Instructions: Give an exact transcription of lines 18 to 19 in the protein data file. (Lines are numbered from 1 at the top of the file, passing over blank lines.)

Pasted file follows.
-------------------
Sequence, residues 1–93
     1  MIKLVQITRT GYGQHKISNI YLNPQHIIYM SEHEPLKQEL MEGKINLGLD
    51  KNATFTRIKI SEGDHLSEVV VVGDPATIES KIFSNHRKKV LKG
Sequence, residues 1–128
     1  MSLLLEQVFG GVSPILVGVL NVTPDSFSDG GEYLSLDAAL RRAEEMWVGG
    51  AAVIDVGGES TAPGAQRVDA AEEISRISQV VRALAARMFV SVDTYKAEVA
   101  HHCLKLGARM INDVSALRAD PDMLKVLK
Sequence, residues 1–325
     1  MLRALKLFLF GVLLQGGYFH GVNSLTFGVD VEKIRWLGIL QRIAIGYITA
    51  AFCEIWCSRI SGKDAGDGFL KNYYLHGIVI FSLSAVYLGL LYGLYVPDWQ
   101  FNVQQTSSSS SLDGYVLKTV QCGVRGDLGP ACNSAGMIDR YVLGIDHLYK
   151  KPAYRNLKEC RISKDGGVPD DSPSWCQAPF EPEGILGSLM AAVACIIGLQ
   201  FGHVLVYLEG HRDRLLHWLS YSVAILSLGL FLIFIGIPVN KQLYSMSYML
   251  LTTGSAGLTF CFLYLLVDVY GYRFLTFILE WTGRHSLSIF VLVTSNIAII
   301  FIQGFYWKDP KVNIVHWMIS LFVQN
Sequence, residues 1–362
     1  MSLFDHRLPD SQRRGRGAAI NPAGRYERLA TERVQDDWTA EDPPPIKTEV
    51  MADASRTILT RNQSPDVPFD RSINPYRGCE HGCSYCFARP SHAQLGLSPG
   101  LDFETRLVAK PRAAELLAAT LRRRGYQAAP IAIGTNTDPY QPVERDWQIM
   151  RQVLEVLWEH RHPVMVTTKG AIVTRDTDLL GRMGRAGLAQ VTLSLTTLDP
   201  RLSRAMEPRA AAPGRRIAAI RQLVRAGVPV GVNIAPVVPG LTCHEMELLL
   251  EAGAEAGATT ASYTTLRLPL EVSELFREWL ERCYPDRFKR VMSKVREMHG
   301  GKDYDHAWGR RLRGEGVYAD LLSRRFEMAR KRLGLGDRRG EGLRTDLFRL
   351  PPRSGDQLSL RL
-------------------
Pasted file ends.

    51  MADASRTILT RNQSPDVPFD RSINPYRGCE HGCSYCFARP SHAQLGLSPG
   101  LDFETRLVAK PRAAELLAAT LRRRGYQAAP IAIGTNTDPY QPVERDWQIM